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Kathryn Smith's Buffalo Bills coaching responsibilities, explained by Rex Ryan

Roughly 24 hours after naming her his new special teams quality control head coach, Bills coach Rex Ryan shed some light onto Kathryn Smith's new job responsibilities.

The Buffalo Bills' hiring of Kathryn Smith as the special teams quality control coach on Rex Ryan's staff has made national news over the last 24 hours, owing to the fact that she's the first full-time, female assistant coach in NFL history.

While the move is certainly a historic one when it comes to the culture of the NFL and the role of women in it, there's a more practical angle to explore: what, exactly, will Smith's role be next season? Never before have Bills fans been so interested in the job responsibilities of a quality control coach, and the team has revealed some specifics about what Smith's role has been in previous years, and what it will be moving forward.

First, ESPN's Mike Rodak has a quote from Ryan (cultivated from this video), who says that Smith will be "doing all the computer stuff, doing all the drawings, all that type of stuff." This has been a common practice for quality control coaches of all backgrounds since the position was invented in the early 1990s (which you can read all about in this excellent New York Times article from 2009).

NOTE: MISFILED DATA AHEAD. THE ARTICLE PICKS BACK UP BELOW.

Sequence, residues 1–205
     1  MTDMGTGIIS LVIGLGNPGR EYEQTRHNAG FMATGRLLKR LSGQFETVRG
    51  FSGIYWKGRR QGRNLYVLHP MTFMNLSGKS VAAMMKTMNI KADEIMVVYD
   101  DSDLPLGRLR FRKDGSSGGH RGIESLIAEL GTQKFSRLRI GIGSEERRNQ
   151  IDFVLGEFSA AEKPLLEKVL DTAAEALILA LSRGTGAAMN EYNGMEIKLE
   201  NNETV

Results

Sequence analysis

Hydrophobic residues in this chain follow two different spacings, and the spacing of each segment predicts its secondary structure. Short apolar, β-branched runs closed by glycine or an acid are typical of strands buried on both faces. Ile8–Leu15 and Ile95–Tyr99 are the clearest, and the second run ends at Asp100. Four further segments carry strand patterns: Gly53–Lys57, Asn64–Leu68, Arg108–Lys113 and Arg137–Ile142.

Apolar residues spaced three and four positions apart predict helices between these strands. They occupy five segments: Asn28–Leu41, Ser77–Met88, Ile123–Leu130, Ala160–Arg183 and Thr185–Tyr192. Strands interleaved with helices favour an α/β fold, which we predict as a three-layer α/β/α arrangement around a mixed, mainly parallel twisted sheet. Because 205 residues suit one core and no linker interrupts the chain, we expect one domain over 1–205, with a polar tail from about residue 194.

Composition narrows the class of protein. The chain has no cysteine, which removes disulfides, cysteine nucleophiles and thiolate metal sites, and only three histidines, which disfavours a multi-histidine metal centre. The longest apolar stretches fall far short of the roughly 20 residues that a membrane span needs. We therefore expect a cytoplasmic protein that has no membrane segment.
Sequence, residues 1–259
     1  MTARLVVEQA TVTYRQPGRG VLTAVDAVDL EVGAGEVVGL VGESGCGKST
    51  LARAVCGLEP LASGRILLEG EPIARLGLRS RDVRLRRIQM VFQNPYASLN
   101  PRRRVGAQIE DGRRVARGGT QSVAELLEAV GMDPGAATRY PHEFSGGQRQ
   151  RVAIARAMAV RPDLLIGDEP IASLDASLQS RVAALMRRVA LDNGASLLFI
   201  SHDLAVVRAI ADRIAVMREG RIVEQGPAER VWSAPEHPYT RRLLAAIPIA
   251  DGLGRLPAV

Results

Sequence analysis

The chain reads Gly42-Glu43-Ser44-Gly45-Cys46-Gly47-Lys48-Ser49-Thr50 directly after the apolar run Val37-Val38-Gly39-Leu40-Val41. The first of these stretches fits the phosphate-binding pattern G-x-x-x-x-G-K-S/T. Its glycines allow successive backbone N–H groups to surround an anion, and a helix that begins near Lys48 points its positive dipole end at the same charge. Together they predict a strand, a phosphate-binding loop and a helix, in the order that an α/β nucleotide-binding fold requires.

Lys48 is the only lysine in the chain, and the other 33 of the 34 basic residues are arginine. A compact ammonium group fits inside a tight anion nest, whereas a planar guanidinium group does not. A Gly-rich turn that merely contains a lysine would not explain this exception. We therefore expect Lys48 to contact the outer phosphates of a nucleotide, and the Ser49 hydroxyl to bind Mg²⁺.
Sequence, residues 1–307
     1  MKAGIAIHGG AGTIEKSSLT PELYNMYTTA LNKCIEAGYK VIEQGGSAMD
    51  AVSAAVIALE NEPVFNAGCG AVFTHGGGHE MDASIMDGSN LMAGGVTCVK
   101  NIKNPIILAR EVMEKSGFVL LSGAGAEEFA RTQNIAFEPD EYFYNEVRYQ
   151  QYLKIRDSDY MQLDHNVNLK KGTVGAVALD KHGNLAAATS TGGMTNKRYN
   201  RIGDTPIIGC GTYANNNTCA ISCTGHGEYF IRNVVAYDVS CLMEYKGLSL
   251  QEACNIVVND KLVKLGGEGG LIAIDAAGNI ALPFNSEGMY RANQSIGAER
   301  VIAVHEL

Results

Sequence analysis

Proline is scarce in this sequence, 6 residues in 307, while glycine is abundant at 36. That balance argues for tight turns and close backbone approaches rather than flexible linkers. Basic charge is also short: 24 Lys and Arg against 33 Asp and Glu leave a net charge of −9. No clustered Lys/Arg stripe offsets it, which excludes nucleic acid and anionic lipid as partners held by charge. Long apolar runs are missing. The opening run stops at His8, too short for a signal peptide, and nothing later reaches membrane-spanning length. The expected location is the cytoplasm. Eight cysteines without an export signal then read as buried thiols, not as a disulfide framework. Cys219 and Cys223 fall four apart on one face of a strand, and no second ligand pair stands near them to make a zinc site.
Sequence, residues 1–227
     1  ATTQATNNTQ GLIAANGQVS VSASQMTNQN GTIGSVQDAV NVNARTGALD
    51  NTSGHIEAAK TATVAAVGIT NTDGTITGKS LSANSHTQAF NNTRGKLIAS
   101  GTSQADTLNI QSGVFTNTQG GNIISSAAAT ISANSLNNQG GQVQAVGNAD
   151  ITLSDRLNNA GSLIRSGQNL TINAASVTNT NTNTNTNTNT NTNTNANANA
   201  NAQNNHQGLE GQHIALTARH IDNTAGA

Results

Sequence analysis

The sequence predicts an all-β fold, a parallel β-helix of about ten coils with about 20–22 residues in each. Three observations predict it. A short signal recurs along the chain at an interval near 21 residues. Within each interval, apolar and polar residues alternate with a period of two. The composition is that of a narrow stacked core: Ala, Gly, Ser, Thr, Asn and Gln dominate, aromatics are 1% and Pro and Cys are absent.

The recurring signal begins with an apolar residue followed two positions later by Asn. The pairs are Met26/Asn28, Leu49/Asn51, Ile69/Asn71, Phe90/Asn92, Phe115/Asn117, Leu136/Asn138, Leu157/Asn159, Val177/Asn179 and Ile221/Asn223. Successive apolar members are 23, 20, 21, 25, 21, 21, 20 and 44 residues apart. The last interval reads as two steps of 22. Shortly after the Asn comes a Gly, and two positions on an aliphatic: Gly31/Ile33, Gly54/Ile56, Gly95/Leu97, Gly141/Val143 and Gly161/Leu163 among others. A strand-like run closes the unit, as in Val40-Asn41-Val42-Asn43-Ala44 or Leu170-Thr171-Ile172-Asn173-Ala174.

In an article that includes Smith's first public comments since accepting the position, which you should definitely make time to read, we also learn that at present, Smith's primary responsibility is to watch and break down film of the special teams units of the Bills' 2016 opponents. This, again, is a totally common thing for a quality control coach to do.

Finally, Ryan divulged that Smith will play a lead role in preparing the Bills' scout teams during practices, with a focus on preparing the team's starting special teams units for their next opponent. This, along with the advanced scouting, will be Smith's role insofar as standard coaching responsibilities go. And, as is the case for a quality control assistant, she'll work grueling hours and do whatever else is asked of her, as well.

Quality control coaches are a necessary part of the coaching staff, even as they're entry-level coaches. Smith's unique to the field in that she has a different background coming into the position, but from the sounds of it, she'll be doing everything that any other quality control coach in the league would do.

Five current NFL head coaches - Dan Quinn in Atlanta, Ron Rivera in Carolina, Mike McCarthy in Green Bay, Ben McAdoo of the New York Giants, and Doug Pederson in Philadelphia - held quality control jobs early in their professional coaching careers. More head coaches held nebulous titles like "defensive assistant" or, in the case of Bill Belichick, "special assistant," while dozens of other coordinators and position coaches league-wide hailed from the quality control pool. That's what makes Smith's entry into the quality control realm so fascinating: her background is highly unique as she takes the job, and her story is really just beginning.